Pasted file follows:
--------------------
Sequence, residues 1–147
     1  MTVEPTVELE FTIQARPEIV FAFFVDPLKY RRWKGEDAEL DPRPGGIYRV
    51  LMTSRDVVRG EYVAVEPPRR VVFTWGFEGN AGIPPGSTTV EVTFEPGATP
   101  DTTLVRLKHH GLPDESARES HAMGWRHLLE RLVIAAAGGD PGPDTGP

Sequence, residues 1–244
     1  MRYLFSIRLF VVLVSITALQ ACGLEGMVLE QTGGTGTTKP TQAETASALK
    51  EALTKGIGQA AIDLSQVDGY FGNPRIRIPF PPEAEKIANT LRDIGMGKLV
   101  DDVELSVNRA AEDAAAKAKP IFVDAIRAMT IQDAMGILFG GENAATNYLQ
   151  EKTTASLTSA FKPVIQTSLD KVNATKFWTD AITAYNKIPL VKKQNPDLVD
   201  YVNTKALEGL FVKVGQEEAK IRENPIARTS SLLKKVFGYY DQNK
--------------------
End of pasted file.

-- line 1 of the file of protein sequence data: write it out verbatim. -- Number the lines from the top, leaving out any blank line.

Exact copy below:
Sequence, residues 1–147